Inventories at the end of the quarter were $277.7 million versus $256.5 million a year ago, and slightly above the same fiscal 2019 third quarter of $277.5 million. The company also noted that the gross margin rate for the quarter was 40.7 percent, versus 22 percent a year ago. The improvement reflects in part less promotional activity and higher full-price sales, partially offset by increases in raw materials and freight costs.

For the nine months, net sales spiked 40 percent to $1.31 billion from $937.9 million. By banner, sales grew 38 percent to $601.9 million at Chico’s, were up 35 percent to $364.3 million at White House|Black Market, and jumped 49 percent to $347.5 million at Soma.

Earnings: The company posted net income of $18.2 million, or 15 cents a diluted share, against a net loss of $55.9 million, or 48 cents, a year ago.

Wall Street was expecting an adjusted diluted loss per share of 2 cents on revenue of $426.1 million.

For the fourth quarter, the company expects net sales in the range of $495 million to $510 million, earnings per diluted share of between 0 cents to 5 cents, and a gross margin rate of 33 percent to 34.5 percent.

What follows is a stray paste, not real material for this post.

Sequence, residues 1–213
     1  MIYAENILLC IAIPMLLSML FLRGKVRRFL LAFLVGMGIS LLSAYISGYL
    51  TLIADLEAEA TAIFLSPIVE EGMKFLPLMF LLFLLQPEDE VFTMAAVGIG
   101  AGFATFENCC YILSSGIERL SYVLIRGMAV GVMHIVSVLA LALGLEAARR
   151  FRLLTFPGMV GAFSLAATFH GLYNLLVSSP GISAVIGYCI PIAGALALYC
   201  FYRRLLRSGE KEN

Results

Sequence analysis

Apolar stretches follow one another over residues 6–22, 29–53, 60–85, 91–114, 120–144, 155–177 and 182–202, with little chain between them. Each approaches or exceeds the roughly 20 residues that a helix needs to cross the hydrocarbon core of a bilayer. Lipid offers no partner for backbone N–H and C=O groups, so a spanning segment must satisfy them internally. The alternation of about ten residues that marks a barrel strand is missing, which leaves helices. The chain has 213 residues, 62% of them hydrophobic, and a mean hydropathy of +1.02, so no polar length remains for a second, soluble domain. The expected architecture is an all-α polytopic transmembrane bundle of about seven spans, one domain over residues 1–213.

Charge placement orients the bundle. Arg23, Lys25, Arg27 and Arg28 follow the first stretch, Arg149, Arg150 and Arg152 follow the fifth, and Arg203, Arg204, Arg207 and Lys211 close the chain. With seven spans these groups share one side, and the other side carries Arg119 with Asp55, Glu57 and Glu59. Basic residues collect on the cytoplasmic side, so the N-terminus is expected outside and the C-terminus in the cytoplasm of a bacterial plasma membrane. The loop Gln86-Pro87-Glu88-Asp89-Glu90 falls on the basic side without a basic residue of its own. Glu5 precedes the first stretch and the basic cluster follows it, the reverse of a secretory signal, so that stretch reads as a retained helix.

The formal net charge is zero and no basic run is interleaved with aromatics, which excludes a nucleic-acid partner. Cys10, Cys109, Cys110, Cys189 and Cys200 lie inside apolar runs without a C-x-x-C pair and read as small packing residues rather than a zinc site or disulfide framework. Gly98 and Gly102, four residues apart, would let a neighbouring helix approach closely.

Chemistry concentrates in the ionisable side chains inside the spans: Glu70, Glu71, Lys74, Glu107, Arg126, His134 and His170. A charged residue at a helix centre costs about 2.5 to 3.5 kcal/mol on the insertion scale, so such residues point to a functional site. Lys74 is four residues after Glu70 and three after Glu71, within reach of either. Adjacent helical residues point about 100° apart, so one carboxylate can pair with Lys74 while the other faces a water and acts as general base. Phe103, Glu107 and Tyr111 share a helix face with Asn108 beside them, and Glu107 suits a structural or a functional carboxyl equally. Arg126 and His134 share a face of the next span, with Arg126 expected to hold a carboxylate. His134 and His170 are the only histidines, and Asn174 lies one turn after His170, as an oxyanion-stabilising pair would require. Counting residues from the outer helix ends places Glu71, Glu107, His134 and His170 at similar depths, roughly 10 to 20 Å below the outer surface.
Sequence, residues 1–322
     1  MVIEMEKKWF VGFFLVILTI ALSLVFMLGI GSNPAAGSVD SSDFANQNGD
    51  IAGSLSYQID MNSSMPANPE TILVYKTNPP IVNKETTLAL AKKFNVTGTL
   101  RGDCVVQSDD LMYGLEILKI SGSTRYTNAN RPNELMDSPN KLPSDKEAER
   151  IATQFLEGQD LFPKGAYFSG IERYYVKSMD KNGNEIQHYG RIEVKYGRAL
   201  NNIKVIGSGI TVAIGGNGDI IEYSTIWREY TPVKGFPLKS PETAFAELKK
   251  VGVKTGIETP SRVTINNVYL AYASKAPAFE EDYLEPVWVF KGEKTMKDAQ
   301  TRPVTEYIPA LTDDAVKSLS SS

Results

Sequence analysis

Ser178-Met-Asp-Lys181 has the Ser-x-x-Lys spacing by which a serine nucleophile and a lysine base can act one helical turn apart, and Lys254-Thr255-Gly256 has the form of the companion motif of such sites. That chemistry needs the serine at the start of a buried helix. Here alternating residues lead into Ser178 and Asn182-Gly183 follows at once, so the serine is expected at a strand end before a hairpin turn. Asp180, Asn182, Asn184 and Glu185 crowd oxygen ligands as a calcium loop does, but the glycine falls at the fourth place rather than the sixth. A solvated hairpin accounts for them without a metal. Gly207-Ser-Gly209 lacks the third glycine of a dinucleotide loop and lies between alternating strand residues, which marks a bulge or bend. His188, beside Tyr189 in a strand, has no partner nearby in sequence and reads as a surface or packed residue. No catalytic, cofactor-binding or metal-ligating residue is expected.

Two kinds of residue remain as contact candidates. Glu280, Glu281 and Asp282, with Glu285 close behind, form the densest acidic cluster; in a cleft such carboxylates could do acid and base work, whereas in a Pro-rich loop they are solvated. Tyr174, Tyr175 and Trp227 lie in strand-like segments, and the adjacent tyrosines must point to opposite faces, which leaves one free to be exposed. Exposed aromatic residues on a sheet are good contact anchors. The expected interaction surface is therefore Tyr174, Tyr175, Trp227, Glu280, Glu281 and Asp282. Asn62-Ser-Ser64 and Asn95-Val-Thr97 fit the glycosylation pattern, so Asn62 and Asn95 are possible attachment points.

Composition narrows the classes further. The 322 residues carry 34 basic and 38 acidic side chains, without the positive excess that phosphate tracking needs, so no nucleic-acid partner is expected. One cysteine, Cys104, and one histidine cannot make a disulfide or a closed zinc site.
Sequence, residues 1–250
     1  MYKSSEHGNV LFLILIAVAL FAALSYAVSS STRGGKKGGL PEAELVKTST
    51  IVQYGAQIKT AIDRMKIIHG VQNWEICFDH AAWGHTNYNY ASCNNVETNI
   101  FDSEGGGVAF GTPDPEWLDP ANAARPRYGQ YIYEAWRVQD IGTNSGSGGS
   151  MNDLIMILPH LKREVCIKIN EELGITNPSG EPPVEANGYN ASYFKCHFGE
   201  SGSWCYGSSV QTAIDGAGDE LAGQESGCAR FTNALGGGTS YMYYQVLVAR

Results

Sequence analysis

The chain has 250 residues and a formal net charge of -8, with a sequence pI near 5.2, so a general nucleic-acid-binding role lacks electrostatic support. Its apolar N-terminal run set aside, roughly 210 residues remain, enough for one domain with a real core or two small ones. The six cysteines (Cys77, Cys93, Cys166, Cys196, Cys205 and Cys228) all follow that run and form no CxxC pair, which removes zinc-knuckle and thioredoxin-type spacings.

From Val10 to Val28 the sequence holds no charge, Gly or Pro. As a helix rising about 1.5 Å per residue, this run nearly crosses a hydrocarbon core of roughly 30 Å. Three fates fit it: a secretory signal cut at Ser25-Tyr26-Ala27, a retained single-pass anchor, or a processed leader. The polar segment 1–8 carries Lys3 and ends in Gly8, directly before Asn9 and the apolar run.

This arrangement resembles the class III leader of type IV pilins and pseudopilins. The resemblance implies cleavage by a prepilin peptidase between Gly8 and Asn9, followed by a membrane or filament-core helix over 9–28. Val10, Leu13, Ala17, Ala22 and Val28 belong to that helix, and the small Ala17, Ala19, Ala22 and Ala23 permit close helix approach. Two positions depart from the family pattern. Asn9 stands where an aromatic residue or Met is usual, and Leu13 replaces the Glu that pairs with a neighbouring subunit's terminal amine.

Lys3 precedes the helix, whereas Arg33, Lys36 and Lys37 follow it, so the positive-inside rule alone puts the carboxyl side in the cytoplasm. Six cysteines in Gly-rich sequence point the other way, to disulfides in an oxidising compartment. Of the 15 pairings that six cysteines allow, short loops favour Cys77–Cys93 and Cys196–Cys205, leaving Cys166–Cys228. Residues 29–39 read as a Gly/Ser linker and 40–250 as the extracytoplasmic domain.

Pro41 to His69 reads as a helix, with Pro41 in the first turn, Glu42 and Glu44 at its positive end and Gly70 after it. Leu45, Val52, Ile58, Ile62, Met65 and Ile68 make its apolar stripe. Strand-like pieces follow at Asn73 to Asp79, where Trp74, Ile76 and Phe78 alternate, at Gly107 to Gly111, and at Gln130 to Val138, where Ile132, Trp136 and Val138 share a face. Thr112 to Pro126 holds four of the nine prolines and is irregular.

For the nine months, net income was $35.5 million, or 29 cents a diluted share, against a net loss of $281 million, or $2.43 a share, in the same year-ago period.

CEO’s Take: “Each quarter this fiscal year, our momentum and results have become proof points that our turnaround strategy is working. We are a digital-first, customer-led company with a clear path for profitable growth. We have three unique brands, each with their own opportunities for expanding their customer bases, market share and sales,” Langenstein said. “We continue to improve our operating performance, strengthen our balance sheet and build our payment infrastructure. We are poised to generate shareholder value over the long term, and have an exciting future ahead.”